Do Fingerprints Grow Back?

Because I have lost a few of mine.

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Volunteering at elementary school field day yesterday, I took my self-induced bi-annual challenge to climb the rope.

Remember that thick, splintery rope that dangles from the ceilings of elementary school gyms across the country?  Two years ago, I made it to the top.  A proud moment for me and for my then 2nd grade son.

This year, I did not.

But I’m proud to say, Dad, I did my best.  As evidenced by the fact that I slid down the rope from (sort-of) near the ceiling after my second, chest heaving attempt to make it to the top from the half way point: a strategically placed knot where tired climber may rest.  My hands and arms were shot.  I hung on the whole way down, trying to slow the slide by squeezing my grip harder, thus resulting in the missing fingerprints.

They stung at first.

Then came rinsing them under water to remove rope shards before donning the band aids.  Now, THAT HURT.  I took a deep breath, pretended I was my six-year-old whose mother tells him to “Get Over It, It’s Just A Cut” when he complains about putting a microscopic papercut into the bath water, then thrust my formerly-known-as-fingerprints under the cold stream of faucet water AND DID NOT SCREAM, although it felt like all the pins in an acupuncture office being jabbed into the open wounds.

There are pros and cons, I’ve decided, to having no fingerprints.

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Pros:

1.  I am ready to finger box at a moment’s notice.

2.  I can go undercover as a bank robber.

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Cons:

1.  Typing in any other fashion than hunt-and-peck is out.

2.  No piano playing.  (Not really a problem, I haven’t played much since I was 10.)

3.  Washing my hands without soaking the bandages is like doing cirque du soleil with my fingers.

BUT, when my now fourth grader (who made it to the top) told me, “It’s OK Mom, there are tenthousand (in his school of 300) people in the school who can’t make it to the top…it’s not THAT embarrassing,”  I reminded him in true good parenting fashion:

“I am not embarrassed. Yes, I would have liked to make it to the top, but I DID MY BEST and that’s the only thing that matters.”

–  The Goat Cheese Lady

About The Goat Cheese Lady

I am Lindsey. At first I was a city girl. Growing up, the closest thing I had to farm animals were a cat and a cockatiel. In 2009, Herbert (my husband) and I bought our first milk goat and I instantly became an urban farmgirl, attempting to balance city and farm life..before I knew “urban homesteading” was a thing. That’s when we began The Goat Cheese Lady Farm, hence The Goat Cheese Lady blog you’re visiting now. After moving to the country in 2014, I embarked on life as a rural farmgirl. We continued teaching farm and cheesemaking classes, raising more goats and began construction on our cheese creamery. But life had other plans and in 2017, we decided that, due to financial and health issues, we had to close the farm for business. No more classes, no more creamery, a lot less milking. We went back to off farm jobs, I as an Occupational Therapist, Herbert in construction with his business, D&A Home Remodeling. At that point, I made a silent promise to myself that I would corral my entrepreneurial mind and focus on a job for a year. Well, it has been a year and I am back. Not to classes, cheese, soap or lotion, but back to writing. I love it. I’m not sure where it will lead me, but that’s where I’m starting. I’ll continue to write as The Goat Cheese Lady for now, and whatever the future holds, I’ll let you know. Our two boys are 14 and 11 and continue to be louder than my sister and I ever were. We have two dogs, Montaña and Flash, a cat, Jumpy, a flock of chickens and three goats. Yes, we still have Lucy, the goat who helped us start it all and was milked by over 1,000 people. She’s retired but still the boss. Chocolate provides enough milk for our family with some to spare for the dogs. Soccer friends, school friends, coyotes and mice are frequent visitors. There are way too many flies and every so often we see an owl. I’m glad you’re here. Sometimes you’ll laugh out loud, other times you’ll be inspired to appreciate the small things. My hope is that, over your morning cup of coffee or your afternoon work break, you’ll enjoy the antics and inspiration that are my daily life. Lindsey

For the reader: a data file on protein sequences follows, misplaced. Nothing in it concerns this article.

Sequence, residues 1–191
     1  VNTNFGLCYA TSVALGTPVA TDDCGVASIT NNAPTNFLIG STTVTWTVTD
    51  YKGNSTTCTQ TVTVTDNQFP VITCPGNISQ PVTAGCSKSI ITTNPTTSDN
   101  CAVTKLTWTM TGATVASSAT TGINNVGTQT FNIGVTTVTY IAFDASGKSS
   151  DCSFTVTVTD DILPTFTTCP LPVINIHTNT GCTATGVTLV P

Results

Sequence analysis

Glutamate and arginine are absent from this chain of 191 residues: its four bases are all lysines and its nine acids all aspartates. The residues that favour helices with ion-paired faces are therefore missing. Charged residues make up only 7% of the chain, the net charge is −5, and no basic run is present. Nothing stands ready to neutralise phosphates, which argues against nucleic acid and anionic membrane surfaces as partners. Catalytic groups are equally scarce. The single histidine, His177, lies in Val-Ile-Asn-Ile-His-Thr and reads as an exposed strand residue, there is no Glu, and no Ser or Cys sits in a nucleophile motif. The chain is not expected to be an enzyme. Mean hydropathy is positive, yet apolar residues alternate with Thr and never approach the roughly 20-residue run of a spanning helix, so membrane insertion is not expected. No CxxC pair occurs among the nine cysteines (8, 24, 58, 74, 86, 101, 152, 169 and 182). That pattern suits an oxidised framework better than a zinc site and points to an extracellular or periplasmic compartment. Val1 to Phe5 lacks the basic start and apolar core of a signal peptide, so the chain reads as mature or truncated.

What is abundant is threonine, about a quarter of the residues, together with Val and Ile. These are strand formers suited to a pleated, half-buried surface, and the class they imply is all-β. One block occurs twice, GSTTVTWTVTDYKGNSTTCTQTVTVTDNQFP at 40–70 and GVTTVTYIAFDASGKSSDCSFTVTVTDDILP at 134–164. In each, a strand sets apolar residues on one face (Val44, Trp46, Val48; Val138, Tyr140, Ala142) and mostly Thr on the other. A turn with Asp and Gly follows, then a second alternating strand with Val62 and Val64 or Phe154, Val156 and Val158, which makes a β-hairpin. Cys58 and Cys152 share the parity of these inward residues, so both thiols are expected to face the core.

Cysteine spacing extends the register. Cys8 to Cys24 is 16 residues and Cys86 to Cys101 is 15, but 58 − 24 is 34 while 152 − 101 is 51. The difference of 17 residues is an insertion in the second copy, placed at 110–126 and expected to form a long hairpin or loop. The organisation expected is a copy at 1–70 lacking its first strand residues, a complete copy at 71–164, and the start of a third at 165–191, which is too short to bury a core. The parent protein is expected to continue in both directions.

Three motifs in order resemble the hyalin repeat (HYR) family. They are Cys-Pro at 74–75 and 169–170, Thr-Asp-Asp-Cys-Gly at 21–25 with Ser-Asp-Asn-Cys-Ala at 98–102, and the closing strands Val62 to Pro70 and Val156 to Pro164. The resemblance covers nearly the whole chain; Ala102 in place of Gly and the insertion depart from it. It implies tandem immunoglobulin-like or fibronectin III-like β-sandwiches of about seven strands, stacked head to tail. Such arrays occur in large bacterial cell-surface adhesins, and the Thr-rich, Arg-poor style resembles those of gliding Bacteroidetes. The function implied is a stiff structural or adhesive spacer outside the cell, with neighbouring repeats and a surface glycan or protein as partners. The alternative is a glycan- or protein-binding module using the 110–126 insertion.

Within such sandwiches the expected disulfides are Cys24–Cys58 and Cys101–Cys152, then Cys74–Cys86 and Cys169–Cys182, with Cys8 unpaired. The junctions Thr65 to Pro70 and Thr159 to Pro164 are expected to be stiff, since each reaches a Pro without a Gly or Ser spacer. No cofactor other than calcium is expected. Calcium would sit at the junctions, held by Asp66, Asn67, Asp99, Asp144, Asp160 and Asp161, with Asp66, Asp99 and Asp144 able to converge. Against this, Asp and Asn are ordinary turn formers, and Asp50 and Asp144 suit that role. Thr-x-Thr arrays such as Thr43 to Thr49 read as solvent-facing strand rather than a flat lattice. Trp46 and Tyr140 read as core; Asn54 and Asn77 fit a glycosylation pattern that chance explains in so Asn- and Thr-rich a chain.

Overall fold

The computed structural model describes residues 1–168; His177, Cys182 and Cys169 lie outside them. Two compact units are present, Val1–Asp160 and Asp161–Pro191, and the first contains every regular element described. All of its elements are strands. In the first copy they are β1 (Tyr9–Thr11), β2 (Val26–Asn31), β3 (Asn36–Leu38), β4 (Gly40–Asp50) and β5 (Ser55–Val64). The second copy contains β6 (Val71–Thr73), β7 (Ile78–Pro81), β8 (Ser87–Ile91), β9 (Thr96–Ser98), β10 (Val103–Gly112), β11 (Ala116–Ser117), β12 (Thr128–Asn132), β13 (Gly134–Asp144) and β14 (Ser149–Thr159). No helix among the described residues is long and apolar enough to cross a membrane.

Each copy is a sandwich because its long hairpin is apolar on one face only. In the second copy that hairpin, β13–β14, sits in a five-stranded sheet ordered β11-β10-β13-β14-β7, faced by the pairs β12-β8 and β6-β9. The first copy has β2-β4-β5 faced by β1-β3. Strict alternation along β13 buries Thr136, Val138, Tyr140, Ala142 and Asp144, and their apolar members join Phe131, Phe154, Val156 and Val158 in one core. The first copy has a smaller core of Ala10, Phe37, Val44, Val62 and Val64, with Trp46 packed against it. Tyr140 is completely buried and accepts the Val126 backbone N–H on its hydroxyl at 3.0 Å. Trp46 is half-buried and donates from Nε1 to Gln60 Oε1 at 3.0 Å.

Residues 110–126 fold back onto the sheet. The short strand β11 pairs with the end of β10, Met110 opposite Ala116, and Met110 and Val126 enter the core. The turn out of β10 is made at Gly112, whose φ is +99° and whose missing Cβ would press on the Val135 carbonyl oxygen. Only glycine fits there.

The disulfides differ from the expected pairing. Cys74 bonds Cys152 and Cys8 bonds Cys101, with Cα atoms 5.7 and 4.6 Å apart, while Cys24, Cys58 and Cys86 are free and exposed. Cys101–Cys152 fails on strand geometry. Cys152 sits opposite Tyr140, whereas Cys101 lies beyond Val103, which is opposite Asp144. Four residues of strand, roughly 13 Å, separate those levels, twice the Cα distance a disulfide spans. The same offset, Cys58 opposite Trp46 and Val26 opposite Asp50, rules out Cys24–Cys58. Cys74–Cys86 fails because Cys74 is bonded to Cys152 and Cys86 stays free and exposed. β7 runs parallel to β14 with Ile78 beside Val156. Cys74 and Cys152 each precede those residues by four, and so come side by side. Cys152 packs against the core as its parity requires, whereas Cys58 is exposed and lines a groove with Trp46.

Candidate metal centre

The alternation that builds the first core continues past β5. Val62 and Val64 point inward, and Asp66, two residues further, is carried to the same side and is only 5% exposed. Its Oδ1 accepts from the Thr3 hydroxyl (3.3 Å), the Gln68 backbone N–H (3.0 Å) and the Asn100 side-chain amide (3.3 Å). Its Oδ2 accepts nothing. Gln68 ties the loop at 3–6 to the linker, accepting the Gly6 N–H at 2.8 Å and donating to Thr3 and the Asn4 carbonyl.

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7 Responses to Do Fingerprints Grow Back?

  1. Favourrrr says:

    I peeled off the skin on my right thumb too deep because of a finger infection and wanted to know if I’ll lose my thumbprint. Forced myself to be a lefty because of school. It’s been about a week… it hasn’t shown any sign of growing back but the pictures above encourage me that it will… hopefully soon 🙂🙂🙂

  2. Victoria says:

    I had this happen once – over longer term. When I began cooking as a teen – in class and at home, I’d “test” the heat of the lid of the pot with one finger then decide if I needed a pot holder. Over the period of a month or two, the fingerprint disappeared and was completely smooth! It came back at some point within the year. Luckily, I had no actually skin lost like you’ve suffered. Sorry – that has to hurt!!! By Christmas, you should have fingerprints again.

  3. bnnsimon says:

    I never make it to the top. I get about 2/3rds of the way up and then make the mistake of looking down. Call me before you try again next year and I’ll lend you my garden-gloves-turned-rope-climbing gloves. They make the whole thing a lot easier.

  4. Patty Cameron says:

    Fabulous writing! Unfortunate incident with painful results!!!

    Sent from my iPhone Patty Cameron

    >

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